LAS VEGAS – There was loud party music, Gonzaga shirts as far as the eye could see, the Bulldog cheerleaders, tasty adult beverages and hot dogs and nachos. It was a big-time college pep rally.
And it was the atmosphere outside Orleans Arena about an hour before tipoff of the Gonzaga-Pepperdine game Monday night.
Well, until the bagpipes started playing.
Then Gonzaga President Thayne McCulloh walked onto the stage in a full kilt. The leader of the Zags has been known to come to the West Coast Conference rally in various wild outfits – like showing up last year in a full Gonzaga men’s basketball uniform – but this one was a little different.
And it just wasn’t about McCulloh’s Scottish roots. It was literally academic. Or as academic as seeing a university president in what looked like something closer to a skirt than anything in my closet.
The kilt he was wearing featured the tartan design that was part of a Gonzaga business class project from 2014.
In one of those collegiate moments that takes classwork directly into the real world, Dr. Peggy Sue Loroz’s Marketing 490 Promotion Project class developed a signature tartan for Gonzaga.
Most years, the class takes on such a project. Sometimes it’s MOD Pizza or maybe Dutch Bros coffee or even Big Brothers Big Sisters.
But designing an officially licensed tartan that also went through the full approval process of the Scottish Register of Tartans was at a whole other level.
“The students realized their project might be something that could really last,” Loroz said.
That point was proved this week.
And not just with McCulloh’s kilt, though it did make quite the impression.
Earlier in the week, Gonzaga law grad – and U.S. senator from Nevada – Catherine Cortez Masto appeared in a new photo from her office, surrounded by Gonzaga mementoes and photos … while wearing a scarf with the tartan design.
That was a surreal moment for Andrew Gutierrez, a 2014 grad who worked on the tartan.
“It was pretty awesome,” he said. “The tartan was a legacy that myself and a bunch of peers worked on so it’s pretty great to see that it’s becoming a foundation in Gonzaga traditions.”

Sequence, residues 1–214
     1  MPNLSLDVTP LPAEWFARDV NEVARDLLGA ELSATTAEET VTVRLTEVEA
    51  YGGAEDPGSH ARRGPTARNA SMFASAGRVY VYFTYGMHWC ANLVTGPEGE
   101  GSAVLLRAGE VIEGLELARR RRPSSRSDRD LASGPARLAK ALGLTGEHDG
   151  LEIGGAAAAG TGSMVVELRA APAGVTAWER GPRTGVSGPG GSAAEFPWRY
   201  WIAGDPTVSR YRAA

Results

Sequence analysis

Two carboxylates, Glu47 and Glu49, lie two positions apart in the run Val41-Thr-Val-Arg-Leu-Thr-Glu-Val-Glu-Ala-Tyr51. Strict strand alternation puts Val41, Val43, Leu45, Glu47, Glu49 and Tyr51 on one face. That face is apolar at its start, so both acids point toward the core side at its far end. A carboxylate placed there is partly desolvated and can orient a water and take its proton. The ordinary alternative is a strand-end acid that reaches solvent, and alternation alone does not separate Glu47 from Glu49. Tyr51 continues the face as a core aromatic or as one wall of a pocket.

Which was exactly the point Loroz made to her class as the tartan project began.
A similar moment happened shortly after the marketing class had completed the work and the school hosted a Tartan Day celebration.
“It was so great to see all of our work come to fruition and the tartan on display for the school to see,” Gutierrez said.
So, what was the work? Let’s just say it takes a whole lot more than just a plaid pattern that looks like something from Eddie Vedder’s wardrobe to earn real tartan status.
There were four elements of the design that the class developed to represent Gonzaga’s heritage through the tartan:
- The blue and white represented Gonzaga’s official colors, which are a tribute to the Virgin Mary.
- The red crosses represented Gonzaga’s Catholic faith tradition, incorporating one of the university’s accent colors.
- The white lines represented not only the Holy Trinity, but also cura personalis, Gonzaga’s philosophy of the development and education of the whole person – mind, body and spirit.
- And the green represents the Italian and Irish cultural heritage of Gonzaga’s founder, the Rev. Joseph Cataldo, as well as the first students who attended Gonzaga.
But it was the name that also made Gutierrez proud. He was the one who came up with “True Blue and White.”
“In the Gonzaga fight song, there is a line that says ‘with Jesuit pride defend the true blue and white,’ ” he explained. Thus the name was born.
Tacoma’s Sarah Hillman also worked on the project as a student. She graduated in 2015 with an accounting degree, while minoring in Entrepreneurial Leadership through the Hogan Program.
Her role in the tartan was even more personal. Hillman literally designed Gonzaga’s tartan. There were three finalists and her design was chosen as the winner.
For her, the project was a great representation of life after college in that it provided a real-world experience working in a corporate team environment.
“We created the tartan, the branding, the initial product line, and the promotional event to reveal it – all from scratch during a semester’s time,” she said. “I loved my time at Gonzaga, and it makes me incredibly proud to be tied to this symbol as a lasting legacy.”
Which gets us back to McCulloh and his kilt.
He delights in surprising Gonzaga students and alums with his often funny outfits at the Las Vegas tournament.
And even though he hammed it up a bit on stage, he took real pride in knowing he was wearing something that literally represented the work of the university’s students.
“Our students do such cool and creative things that being able to play a small role in celebrating what they’ve accomplished is one of the things I love to do the most,” McCulloh said. “The tartan project was really about our students working to capture the culture and history of our university in a way that illustrated Gonzaga’s values and traditions.
“If a kilt can validate that sort of work in some small way, then wearing it for our students and alums here was the least I could do.”
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